Sexual harassment survey reveals problems in P.E.I.'s workplaces

·3 min read
More than one thousand people who responded to the survey said they had experienced workplace sexual harassment. (Andrey_Popov / Shutterstock - image credit)
More than one thousand people who responded to the survey said they had experienced workplace sexual harassment. (Andrey_Popov / Shutterstock - image credit)

The results of a new survey released Tuesday highlight just how widespread of a problem sexual harassment in the workplace is on P.E.I.

"Workplace sexual harassment on P.E.I. is quite similar to workplace sexual harassment in other places in Canada and the world," said Laura Bird, the project manager with Shift, an initiative of the P.E.I. Human Rights Commission hoping to change workplace culture.

"It happens to both people who identify as male as well as people who identify as female."

Bird defines sexual harassment as any unwanted or unwelcomed words, comments or behaviour of a sexual nature. That also includes online chat boxes, emails and more.

"Usually the harasser would know or ought to know that it could have a negative impact on the target or on the workplace," she said.

'We definitely have an issue'

More than 1,600 people filled out the questionnaire over August and September this year. Of those who responded, more than 1,000 said they had experienced workplace sexual harassment.

"It happens more to women than it does to men. If you are disabled, if you are racialized, if you are part of any minority or not in power you are at a higher risk," said Bird.

But the survey also shed light on just how many men deal with the issue. In fact, 330 said they too are impacted.

"One of the stories that was shared was with someone who is a man who had repeated incidents of sexual harassment and didn't want to report it," said Bird.

"They were afraid of not being believed because they thought men didn't get sexually harassed."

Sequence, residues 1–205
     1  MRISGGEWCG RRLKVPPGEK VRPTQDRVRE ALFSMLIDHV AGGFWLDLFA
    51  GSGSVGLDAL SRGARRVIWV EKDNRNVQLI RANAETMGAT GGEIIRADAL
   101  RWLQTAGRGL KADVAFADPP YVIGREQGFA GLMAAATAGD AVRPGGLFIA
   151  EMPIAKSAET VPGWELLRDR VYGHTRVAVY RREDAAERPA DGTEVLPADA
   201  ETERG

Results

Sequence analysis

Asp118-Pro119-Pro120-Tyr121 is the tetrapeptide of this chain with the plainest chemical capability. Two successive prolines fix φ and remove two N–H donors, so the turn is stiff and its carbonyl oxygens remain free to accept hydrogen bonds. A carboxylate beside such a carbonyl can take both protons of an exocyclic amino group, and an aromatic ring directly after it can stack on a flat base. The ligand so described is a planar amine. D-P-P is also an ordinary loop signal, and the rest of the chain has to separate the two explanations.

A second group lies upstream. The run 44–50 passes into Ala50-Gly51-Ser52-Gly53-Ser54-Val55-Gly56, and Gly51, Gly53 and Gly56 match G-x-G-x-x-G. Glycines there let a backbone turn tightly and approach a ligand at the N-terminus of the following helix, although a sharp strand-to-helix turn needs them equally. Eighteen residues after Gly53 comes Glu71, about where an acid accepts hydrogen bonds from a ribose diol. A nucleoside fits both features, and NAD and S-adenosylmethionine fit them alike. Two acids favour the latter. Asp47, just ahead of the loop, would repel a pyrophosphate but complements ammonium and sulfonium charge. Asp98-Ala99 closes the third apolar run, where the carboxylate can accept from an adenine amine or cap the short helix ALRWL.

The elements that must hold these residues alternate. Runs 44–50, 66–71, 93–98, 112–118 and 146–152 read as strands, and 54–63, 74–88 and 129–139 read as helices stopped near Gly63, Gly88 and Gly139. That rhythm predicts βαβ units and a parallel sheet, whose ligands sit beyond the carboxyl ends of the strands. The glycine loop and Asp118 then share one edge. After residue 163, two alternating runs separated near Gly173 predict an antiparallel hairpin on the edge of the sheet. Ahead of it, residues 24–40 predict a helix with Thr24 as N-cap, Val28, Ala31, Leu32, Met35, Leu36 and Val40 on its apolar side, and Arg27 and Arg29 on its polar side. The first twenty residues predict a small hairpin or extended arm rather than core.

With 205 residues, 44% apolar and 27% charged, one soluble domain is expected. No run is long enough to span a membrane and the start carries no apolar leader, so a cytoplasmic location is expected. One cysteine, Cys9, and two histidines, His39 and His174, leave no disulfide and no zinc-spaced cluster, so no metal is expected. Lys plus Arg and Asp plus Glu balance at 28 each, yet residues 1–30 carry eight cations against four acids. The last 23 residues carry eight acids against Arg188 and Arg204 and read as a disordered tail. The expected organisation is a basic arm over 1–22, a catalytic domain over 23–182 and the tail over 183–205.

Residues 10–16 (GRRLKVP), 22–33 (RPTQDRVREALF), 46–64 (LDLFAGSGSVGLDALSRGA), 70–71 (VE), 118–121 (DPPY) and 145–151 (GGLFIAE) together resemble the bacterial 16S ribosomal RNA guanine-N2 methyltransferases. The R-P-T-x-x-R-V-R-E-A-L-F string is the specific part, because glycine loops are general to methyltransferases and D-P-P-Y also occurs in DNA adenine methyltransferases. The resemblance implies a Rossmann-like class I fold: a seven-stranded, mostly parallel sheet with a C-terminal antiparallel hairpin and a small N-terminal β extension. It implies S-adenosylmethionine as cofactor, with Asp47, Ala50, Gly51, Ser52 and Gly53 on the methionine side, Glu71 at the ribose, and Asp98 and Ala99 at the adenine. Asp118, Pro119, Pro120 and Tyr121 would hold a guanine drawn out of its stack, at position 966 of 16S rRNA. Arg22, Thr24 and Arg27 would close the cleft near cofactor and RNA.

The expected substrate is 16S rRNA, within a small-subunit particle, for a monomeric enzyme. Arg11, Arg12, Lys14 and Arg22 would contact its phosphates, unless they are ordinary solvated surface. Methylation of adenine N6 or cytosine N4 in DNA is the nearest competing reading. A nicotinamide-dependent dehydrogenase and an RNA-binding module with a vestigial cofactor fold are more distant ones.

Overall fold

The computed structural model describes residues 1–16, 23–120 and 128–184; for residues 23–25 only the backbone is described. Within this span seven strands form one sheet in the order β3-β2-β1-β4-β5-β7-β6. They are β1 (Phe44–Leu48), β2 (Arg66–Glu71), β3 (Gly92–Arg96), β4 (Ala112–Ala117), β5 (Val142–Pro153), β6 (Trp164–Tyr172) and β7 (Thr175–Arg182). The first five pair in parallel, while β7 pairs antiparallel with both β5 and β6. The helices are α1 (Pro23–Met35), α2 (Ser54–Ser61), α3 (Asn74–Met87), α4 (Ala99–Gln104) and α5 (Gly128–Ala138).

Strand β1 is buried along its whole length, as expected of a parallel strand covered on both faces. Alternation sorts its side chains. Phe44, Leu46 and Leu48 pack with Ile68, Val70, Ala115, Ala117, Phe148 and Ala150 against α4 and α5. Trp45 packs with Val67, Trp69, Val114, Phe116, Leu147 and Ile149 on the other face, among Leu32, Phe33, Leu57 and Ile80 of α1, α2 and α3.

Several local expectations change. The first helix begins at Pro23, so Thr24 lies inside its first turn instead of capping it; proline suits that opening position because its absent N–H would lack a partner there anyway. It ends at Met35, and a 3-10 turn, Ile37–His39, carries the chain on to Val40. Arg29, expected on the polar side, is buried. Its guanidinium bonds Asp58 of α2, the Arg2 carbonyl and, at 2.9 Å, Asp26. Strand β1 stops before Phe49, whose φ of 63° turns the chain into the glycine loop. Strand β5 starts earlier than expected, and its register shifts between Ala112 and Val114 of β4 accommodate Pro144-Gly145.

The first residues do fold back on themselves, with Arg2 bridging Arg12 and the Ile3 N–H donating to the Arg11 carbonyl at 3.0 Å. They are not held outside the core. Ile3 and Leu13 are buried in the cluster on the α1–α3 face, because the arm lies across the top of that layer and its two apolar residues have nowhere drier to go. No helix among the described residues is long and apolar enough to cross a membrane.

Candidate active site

Brian Higgins/CBC News
Brian Higgins/CBC News

Although the results show the prevalence of the problem, Bird said there are some encouraging signs.

66 per cent of people who were harassed indicated they did report it to their employer, 84 per cent said their employer did take action and 94 per cent answered that they were satisfied with the actions taken.

On top of that, just over half of the people surveyed said their workplace has a training program in place.

"We definitely have an issue, we know that some workplaces are dealing with it, we know that some workplaces have plans in place," said Bird.

"Yes, it's there. Yes, it exists. The problem is we need more people to actually deal with it."

'Change the workplace culture'

Shift has developed a workplace sexual harassment safety kit to help combat the issue. It includes posters, information on what to look out for to prevent things from happening and directions about how to respond if something does happen.

"You really have to talk to the target," said Bird.

"The target is going to tell you the impact that those words, those actions, those behaviours had on them and then we also need to encourage employers to respond."

For the time being, Bird said Shift will continue to offer in-person training, and give public talks in hopes of pushing the conversation forward.

"We want to change the workplace culture that allows us to talk about [sexual harassment] in the same way we talk about first aid," said Bird.

"Nobody hides an injury at work, and if they do it's dangerous, so we want it to be as comfortable."

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